>>> semimajor_axis.value
array([0.002819  , 0.0044856 , 0.00715526, 0.01258513])
>>> semimajor_axis.units
>>> print('km'))
[ 421716.39764641  671036.20903964 1070411.66066813 1882708.6511216 ] km

Next, we calculated the orbital period by translating the orbital period formula to Python and then converting the answer to the units we want in the end, days:

>>> period = 2*pi*(semimajor_axis**3/(G*Mjup))**0.5
>>> period
unyt_array([ 152864.59689789,  306828.08975058,  618162.17963649,
            1441952.18891597], 's')
unyt_array([ 1.76926617,  3.55125104,  7.15465486, 16.68926145], 'day')

Note that we haven’t added any conversion factors between different units, that’s all handled internally by unyt. Also note how the method was able to automatically handle the conversion from seconds to days and how the shorthand "d" was automatically interpreted as "day".

Arithmetic and units

The real power of working with unyt is its ability to add, subtract, multiply, and divide quantities and arrays with units in mathematical formulas while automatically handling unit conversions and detecting when you have made a mistake in your units in a mathematical formula. To see what I mean by that, let’s take a look at the following examples:

>>> from unyt import cm, m, ft, yard
>>> print(3.*cm + 4.*m - 5.*ft + 6.*yard)
799.24 cm

Despite the fact that the four unit symbols used in the above example correspond to four different units, unyt is able to automatically convert the value of all three units into a common unit and return the result in those units. Note that for expressions where the return units are ambiguous, unyt always returns data in the units of the leftmost object in an expression:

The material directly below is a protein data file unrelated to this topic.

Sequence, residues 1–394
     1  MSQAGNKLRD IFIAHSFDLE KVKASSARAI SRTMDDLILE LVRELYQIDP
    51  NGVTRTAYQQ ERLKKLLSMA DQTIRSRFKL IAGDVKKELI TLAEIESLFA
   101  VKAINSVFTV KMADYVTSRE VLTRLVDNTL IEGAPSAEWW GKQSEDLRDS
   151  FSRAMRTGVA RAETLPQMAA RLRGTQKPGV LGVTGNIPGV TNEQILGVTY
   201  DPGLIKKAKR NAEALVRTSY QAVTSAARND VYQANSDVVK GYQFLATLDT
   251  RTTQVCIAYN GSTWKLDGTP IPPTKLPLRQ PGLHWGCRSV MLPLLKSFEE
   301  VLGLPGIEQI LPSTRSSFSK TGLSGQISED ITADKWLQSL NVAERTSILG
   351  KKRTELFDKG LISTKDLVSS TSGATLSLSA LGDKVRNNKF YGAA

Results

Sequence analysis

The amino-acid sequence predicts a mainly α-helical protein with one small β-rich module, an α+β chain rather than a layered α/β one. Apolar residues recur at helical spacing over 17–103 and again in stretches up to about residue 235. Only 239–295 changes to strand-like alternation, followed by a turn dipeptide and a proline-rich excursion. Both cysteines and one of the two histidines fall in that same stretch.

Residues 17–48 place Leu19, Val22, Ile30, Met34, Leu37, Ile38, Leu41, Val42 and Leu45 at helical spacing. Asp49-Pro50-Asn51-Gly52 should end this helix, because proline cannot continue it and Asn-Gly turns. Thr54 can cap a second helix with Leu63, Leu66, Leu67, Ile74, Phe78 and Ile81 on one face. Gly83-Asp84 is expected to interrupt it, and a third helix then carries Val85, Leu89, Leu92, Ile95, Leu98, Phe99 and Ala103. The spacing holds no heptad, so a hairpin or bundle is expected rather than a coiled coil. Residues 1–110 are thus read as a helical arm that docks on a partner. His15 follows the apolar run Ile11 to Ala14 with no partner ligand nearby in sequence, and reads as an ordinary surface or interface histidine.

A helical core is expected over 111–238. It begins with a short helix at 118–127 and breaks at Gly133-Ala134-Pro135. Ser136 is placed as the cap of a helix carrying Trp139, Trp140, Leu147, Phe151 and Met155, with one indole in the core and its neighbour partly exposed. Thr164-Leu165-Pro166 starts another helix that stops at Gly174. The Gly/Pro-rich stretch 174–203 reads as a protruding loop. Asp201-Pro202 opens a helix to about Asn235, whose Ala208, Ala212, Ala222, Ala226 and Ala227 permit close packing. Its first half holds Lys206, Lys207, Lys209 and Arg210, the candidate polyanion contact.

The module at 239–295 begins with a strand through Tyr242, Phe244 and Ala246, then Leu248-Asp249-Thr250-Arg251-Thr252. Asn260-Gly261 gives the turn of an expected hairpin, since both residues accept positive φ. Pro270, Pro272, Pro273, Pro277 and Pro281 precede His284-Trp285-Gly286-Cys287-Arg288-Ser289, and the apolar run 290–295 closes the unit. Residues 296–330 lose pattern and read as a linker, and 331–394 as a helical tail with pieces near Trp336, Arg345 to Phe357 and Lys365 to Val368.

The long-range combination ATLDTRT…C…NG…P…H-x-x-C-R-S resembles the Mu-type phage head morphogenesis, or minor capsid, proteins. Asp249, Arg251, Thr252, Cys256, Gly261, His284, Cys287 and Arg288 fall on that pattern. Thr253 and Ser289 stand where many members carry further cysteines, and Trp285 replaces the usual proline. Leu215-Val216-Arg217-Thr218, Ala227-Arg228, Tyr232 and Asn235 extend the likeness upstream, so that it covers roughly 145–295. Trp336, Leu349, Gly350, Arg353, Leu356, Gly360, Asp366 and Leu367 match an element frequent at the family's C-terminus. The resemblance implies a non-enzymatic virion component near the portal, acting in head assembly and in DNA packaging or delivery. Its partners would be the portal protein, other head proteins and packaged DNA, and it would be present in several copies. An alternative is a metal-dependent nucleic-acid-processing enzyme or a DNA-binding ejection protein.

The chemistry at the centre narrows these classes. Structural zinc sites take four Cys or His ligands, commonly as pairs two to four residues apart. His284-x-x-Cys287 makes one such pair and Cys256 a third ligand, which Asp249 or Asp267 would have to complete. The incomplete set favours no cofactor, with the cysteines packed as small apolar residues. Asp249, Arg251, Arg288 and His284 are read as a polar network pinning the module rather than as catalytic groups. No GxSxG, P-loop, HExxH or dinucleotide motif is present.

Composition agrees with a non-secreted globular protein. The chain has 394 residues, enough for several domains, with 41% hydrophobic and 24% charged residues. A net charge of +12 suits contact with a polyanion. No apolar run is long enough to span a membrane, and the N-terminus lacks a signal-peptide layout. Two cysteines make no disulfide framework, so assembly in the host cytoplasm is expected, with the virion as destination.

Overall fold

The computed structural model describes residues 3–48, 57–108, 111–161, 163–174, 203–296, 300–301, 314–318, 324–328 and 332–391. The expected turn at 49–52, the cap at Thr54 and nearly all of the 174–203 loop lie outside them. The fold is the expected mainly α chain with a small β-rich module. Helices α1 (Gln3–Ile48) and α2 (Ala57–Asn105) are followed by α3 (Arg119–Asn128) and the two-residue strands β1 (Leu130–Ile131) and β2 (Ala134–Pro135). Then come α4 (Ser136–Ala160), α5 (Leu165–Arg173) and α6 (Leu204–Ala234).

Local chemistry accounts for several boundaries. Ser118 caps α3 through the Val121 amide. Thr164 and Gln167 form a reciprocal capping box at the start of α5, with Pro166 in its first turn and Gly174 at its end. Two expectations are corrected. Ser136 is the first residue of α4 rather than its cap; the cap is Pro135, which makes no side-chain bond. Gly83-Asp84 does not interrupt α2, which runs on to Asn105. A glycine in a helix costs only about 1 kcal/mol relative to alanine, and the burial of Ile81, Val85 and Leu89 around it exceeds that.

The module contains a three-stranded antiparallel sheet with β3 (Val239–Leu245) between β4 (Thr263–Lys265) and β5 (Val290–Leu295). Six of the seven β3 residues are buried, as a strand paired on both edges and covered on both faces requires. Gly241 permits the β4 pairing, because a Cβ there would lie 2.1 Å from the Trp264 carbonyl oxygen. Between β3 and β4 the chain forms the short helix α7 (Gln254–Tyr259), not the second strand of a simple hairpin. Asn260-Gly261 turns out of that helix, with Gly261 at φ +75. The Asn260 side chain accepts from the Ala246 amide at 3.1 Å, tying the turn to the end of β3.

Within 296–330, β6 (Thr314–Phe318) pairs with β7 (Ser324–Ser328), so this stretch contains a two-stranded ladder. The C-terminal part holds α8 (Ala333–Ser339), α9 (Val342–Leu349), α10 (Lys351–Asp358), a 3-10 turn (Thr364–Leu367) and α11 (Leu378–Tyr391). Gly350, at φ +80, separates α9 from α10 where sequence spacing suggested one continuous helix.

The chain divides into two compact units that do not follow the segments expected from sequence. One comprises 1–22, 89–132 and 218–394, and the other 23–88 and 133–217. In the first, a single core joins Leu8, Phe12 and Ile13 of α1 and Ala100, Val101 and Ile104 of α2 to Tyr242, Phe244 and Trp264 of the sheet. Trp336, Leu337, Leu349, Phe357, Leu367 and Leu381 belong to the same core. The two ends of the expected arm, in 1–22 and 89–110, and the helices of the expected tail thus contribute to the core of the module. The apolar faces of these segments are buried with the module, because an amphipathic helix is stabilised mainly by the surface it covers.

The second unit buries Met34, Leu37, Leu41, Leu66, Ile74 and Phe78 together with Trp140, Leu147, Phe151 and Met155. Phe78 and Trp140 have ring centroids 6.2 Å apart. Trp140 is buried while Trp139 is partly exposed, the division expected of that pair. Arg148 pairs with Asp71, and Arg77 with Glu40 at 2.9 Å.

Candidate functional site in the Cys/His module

>>> print(4*m + 3*cm - 5*ft + 6*yard)  
7.9924 m

One can also form more complex units out of atomic unit symbols. For example, here is how we’d create an array with units of meters per second and print out the values in the array in miles per hour:

>>> from unyt import m, s
>>> velocities = [20., 22., 25.]*m/s
>>> print('mile/hr'))
[44.73872584 49.21259843 55.9234073 ] mile/hr

Similarly one can multiply two units together to create new compound units:

>>> from unyt import N, m
>>> energy = 3*N * 4*m
>>> print(energy)
12 N*m
>>> print('erg'))
120000000.0 erg

In general, one can multiply or divide by an arbitrary rational power of a unit symbol. Most commonly this shows up in mathematical formulas in terms of square roots. For example, let’s calculate the gravitational free-fall time for a person to fall from the surface of the Earth through to a hole dug all the way to the center of the Earth. It turns out that this time is given by:

\[t_{\rm ff} = \sqrt{\frac{3\pi}{32 G \rho}}\]

where \(\rho\) is the average density of the Earth.

>>> from unyt import G, Mearth, Rearth
>>> from math import pi
>>> import numpy as np
>>> rho = Mearth / (4./3 * pi* Rearth**3)
>>> print('g/cm**3'))
5.581225129861083 g/cm**3
>>> tff = np.sqrt(3*pi/(32*G*rho))
>>> print('min'))
14.820022043294829 min

If you make a mistake by adding two things that have different dimensions, unyt will raise an error to let you know that you have a bug in your code:

>>> from unyt import kg, m